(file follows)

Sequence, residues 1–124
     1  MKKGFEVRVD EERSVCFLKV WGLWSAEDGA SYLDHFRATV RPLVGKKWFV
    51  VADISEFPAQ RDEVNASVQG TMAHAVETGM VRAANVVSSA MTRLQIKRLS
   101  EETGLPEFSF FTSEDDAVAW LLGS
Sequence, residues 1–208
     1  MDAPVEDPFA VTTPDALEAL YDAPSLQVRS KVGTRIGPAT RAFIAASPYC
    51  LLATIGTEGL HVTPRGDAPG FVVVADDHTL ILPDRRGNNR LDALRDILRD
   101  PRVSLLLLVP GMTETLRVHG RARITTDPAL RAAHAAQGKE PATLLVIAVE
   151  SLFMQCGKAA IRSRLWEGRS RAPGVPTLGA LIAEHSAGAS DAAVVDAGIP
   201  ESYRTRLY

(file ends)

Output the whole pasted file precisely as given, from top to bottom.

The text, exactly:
Sequence, residues 1–124
     1  MKKGFEVRVD EERSVCFLKV WGLWSAEDGA SYLDHFRATV RPLVGKKWFV
    51  VADISEFPAQ RDEVNASVQG TMAHAVETGM VRAANVVSSA MTRLQIKRLS
   101  EETGLPEFSF FTSEDDAVAW LLGS
Sequence, residues 1–208
     1  MDAPVEDPFA VTTPDALEAL YDAPSLQVRS KVGTRIGPAT RAFIAASPYC
    51  LLATIGTEGL HVTPRGDAPG FVVVADDHTL ILPDRRGNNR LDALRDILRD
   101  PRVSLLLLVP GMTETLRVHG RARITTDPAL RAAHAAQGKE PATLLVIAVE
   151  SLFMQCGKAA IRSRLWEGRS RAPGVPTLGA LIAEHSAGAS DAAVVDAGIP
   201  ESYRTRLY